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The Heart Goes Last by Margaret Atwood (paperback)

£9.99

By the author of The Handmaid's Tale and Alias Grace:

Stan and Charmaine are a married couple trying to stay afloat in the midst of economic and social collapse. Living in their car, surviving on tips from Charmaine's job at a dive bar, they're increasingly vulnerable to roving gangs and in a rather desperate state. So when they see an advertisement for the Positron Project in the town of Consilience - a 'social experiment' offering stable jobs and a home of their own - they sign up immediately. All they have to do in return for this suburban paradise is give up their freedom every second month, swapping their home for a prison cell.

At first, all is well. But slowly, unknown to the other, Stan and Charmaine develop a passionate obsession with their counterparts, the couple that occupy their home when they are in prison. Soon the pressures of conformity, mistrust, guilt and sexual desire take over, and Positron looks less like a prayer answered and more like a chilling prophecy fulfilled.

"Thrilling, sometimes comic, often absurd and entirely engaging, spinning sins into the territory of Elvis-themed escorts, stuffed-animal carnality and customisable sexbots ... What keeps The Heart Goes Last fresh, as with the rest of Atwood's recent work, is that while it revisits earlier themes of her oeuvre, it never replicates. Rather, it reads like an exploration continued, with new surprises, both narratively and thematically, to be discovered ... Margaret Atwood has become something nearly as fantastical as one of her storytelling subjects: a living legend who continues to remain fresh and innovative on the page."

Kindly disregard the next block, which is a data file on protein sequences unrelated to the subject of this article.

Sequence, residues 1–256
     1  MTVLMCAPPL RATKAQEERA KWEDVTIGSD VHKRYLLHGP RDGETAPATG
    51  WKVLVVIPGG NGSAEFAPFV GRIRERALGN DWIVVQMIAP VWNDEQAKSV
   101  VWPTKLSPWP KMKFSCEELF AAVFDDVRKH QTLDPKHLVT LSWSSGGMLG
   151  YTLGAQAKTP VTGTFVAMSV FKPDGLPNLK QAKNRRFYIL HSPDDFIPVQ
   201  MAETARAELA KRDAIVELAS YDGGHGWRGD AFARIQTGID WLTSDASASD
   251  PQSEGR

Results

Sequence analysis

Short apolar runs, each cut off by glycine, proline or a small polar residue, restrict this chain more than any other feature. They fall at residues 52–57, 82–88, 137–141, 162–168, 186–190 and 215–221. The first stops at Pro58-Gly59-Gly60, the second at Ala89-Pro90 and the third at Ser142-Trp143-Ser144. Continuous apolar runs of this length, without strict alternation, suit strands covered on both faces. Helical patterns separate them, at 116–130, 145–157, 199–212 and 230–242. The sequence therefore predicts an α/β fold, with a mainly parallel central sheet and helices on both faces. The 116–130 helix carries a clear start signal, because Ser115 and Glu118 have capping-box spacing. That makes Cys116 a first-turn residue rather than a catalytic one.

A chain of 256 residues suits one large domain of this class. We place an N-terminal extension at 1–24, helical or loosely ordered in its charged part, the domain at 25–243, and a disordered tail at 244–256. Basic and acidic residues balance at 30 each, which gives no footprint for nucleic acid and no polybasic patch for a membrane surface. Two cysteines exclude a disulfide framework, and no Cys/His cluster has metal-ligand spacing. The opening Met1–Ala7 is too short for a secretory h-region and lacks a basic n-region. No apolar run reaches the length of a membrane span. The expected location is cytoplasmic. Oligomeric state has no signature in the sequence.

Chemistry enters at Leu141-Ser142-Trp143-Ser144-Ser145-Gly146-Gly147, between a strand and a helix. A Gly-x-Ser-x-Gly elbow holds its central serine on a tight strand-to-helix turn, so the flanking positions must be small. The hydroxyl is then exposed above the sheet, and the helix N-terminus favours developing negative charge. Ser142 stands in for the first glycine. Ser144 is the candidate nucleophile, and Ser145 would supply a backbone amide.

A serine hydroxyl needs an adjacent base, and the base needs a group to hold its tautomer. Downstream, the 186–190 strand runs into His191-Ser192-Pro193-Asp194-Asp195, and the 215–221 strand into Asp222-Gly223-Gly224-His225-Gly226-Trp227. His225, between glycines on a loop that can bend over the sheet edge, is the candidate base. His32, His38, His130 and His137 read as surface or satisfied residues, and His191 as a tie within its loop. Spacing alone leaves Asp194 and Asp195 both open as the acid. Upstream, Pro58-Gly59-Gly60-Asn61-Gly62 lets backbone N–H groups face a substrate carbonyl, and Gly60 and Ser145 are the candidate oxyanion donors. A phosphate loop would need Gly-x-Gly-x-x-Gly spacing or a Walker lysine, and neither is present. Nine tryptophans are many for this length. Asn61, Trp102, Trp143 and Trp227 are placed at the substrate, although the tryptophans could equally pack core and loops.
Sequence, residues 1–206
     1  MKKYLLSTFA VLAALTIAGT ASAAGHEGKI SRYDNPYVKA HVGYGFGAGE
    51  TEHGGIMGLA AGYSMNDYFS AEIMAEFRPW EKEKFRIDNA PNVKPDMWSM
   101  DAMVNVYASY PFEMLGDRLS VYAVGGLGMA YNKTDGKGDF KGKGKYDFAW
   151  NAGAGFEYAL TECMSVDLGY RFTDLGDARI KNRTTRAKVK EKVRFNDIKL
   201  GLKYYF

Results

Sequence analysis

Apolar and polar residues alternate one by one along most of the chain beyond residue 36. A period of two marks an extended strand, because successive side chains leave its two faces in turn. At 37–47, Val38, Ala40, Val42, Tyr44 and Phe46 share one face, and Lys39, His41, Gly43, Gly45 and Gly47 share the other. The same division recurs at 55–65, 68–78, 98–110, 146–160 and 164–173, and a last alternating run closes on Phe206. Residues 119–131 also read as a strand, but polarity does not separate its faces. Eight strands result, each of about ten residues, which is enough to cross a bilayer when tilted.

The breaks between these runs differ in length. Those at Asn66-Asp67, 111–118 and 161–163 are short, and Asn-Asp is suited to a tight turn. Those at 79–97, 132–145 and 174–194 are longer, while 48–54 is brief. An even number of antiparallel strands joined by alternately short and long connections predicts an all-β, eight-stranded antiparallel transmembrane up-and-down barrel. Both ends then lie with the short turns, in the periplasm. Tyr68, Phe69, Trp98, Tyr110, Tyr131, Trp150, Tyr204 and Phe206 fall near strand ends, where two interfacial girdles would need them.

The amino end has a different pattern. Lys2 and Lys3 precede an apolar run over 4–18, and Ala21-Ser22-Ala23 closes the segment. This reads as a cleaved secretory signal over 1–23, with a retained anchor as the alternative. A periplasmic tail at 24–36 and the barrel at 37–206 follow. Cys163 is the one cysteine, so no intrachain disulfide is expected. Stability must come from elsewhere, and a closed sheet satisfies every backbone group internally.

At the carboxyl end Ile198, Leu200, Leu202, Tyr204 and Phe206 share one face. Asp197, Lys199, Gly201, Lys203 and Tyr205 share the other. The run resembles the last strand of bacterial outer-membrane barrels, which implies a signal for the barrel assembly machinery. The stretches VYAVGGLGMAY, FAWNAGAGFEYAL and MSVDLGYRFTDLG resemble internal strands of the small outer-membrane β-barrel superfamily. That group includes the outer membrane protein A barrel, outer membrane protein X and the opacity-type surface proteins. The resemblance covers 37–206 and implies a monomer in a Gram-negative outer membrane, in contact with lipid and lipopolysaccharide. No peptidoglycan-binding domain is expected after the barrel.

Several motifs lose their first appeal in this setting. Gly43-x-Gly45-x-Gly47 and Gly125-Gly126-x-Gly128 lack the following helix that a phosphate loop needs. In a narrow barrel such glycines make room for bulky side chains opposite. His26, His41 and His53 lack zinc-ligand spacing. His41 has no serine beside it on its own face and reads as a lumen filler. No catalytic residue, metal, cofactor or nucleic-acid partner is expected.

--Mat Johnson, New York Times Book Review

[The Heart Goes Last] affords an arresting perspective on the confluence of information, freedom, and security in the modern age.
--The New Yorker

"At first a classic Atwood dystopia, rationally imagined and developed, [The Heart Goes Last] relaxes suddenly into a kind of surrealist adventure. The satirical impulse foregrounds itself. Narrative drive ramps up ... Atwood allows her sense of the absurd its full elbow room; her cheerfully caustic contempt-bestowed even-handedly on contemporary economics, retro culture, and the social and neurological determination of identity-goes unrestrained ... Jubilant comedy of errors, bizarre bedroom farce, SF prison-break thriller, psychedelic 60s crime caper: The Heart Goes Last scampers in and out of all of these genres, pausing only to quote Milton on the loss of Eden or Shakespeare on weddings. Meanwhile, it performs a hard-eyed autopsy on themes of impersonation and self-impersonation, revealing so many layers of contemporary deception and self-deception that we don't know whether to laugh or cry."
--The Guardian